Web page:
Today was a walk into our industrial heritage at the Ironbridge Gorge Walking Festival.
The walks are organised by the Ironbridge Gorge Museums and run over a number of weeks each year. All walks are free and range from a ghost tour to a family treasure hunt, and range over the wide area of the Ironbridge in Shropshire.
Today we did a the treasure hunt.
You don’t need to be in an organised event to enjoy walking in the area. With lots of canal paths, converted old railway lines, and the mixture of industrial past, countryside and the river Severn, this is a good area to explore.
There’s also plenty of museums in the area, including the Blists Hill Victorian Town (as featured many times on TV), as well as the World Heritage site of Ironbridge of course (and there’s some great cafes to pop into as well!)
We started off in Coalport, by the Youth Hostel and Coalport pottery museum.
To illustrate the ingenuity from the industrial past you can find when walking in the area is the canal above that runs past the pottery kilns.
Factories in the gorge were placed near the major source of water, the River Severn. However, the main transport route of the day, the Shropshire Union Canal, runs on top of the gorge. I think it was worked out that it would need 21 locks to get up and down the hill. That’s just not practical.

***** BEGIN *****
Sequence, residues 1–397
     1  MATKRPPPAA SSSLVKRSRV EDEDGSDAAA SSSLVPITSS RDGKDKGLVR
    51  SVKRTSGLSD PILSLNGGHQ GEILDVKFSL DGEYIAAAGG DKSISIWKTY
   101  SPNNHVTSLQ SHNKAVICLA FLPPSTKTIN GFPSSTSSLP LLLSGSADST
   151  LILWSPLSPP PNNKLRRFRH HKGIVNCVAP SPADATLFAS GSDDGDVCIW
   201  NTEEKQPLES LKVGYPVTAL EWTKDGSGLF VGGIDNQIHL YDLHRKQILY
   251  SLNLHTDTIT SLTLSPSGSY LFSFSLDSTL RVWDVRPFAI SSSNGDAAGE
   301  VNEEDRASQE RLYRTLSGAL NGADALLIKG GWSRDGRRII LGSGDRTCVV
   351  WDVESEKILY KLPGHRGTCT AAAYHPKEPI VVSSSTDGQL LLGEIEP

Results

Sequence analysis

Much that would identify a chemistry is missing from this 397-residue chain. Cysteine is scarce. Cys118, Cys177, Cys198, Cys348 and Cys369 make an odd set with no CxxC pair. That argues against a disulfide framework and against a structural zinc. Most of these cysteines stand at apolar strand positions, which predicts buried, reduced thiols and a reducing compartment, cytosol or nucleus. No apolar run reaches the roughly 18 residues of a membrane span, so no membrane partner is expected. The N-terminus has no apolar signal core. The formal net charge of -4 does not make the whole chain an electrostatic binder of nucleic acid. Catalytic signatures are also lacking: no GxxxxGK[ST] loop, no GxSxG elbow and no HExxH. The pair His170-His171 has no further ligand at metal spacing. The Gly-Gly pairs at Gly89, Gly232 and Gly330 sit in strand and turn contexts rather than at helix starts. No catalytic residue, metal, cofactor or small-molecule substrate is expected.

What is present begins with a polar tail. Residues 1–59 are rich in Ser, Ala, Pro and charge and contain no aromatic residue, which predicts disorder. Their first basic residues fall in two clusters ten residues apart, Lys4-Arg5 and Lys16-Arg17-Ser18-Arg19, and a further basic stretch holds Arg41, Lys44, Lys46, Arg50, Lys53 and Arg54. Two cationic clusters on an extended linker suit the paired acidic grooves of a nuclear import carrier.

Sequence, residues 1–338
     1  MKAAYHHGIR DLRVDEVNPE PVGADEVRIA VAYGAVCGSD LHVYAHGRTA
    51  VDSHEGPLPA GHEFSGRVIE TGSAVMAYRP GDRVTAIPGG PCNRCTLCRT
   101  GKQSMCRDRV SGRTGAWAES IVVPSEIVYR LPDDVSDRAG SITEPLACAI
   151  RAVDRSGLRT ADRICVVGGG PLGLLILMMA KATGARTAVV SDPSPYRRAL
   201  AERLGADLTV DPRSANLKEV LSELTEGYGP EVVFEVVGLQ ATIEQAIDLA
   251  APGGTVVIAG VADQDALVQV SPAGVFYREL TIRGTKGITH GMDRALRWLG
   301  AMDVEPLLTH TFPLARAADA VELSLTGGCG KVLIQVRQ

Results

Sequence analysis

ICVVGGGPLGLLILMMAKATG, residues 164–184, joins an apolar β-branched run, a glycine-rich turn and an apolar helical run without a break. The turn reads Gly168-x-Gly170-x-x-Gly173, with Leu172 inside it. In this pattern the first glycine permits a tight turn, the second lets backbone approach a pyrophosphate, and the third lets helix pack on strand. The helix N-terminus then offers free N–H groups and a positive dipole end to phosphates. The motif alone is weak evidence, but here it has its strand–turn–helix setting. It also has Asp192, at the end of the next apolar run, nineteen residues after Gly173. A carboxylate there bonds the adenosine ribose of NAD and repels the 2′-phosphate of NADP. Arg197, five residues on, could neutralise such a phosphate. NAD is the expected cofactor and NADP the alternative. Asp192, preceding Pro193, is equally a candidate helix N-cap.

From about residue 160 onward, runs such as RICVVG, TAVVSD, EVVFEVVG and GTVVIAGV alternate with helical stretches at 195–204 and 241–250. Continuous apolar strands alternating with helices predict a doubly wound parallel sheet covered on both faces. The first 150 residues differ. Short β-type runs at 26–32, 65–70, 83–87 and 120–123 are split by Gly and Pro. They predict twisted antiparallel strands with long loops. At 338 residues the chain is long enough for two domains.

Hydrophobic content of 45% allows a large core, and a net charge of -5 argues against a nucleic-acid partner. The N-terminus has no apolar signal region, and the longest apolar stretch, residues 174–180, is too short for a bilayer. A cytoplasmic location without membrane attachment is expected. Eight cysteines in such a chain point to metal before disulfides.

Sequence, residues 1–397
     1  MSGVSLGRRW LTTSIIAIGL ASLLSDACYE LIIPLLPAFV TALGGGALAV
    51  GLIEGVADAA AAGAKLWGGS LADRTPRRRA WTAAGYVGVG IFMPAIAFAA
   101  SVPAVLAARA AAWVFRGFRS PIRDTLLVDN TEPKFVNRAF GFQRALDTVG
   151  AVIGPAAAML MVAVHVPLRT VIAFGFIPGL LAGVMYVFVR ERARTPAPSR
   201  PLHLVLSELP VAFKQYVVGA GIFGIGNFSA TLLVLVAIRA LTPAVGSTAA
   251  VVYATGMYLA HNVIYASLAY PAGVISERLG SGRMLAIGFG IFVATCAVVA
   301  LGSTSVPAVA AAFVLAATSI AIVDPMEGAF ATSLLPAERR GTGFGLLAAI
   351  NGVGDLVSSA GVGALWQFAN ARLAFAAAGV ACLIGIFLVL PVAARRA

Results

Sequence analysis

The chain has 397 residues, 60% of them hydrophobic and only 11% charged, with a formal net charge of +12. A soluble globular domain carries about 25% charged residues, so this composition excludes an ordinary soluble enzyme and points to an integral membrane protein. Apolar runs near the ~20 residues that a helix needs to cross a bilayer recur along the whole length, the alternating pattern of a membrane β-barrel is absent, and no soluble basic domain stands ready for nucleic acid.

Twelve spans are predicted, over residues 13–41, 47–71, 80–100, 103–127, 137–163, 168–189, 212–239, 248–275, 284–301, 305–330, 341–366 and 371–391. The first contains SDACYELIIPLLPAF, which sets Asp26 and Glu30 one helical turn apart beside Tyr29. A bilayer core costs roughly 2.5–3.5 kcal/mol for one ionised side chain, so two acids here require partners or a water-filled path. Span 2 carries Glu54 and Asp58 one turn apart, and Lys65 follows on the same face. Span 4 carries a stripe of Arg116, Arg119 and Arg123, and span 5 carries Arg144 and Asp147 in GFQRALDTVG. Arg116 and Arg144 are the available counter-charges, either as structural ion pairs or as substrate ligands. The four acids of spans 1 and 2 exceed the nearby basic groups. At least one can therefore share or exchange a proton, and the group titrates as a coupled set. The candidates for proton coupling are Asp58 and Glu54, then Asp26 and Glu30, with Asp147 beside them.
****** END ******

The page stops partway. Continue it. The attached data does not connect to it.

The solution: a series of carts were winched goods up and down the steep gorge sides, between the short canal shown above and the Shropshire Union Canal.
You can still see where these carts met the water in the photo below.
Over the River
Not for from the Tar Tunnel (the picture above) is a footbridge over the river Severn.
There are former factories on both sides of the river with walks running parallel to the river banks.
One factory is the former Maws Factory, now known as the Maws Craft Centre, with a series of shops and cafes.
Walking and Cycling
On both sides of the river are some good paths for push chairs or walking with little kids as there are some former railway lines that make some good level routes.
This is also popular with cyclists, and the national cycle route 55 was on part of the walk (and good to see, that part at least, was away from traffic).
Here’s a few more pictures from the walk.
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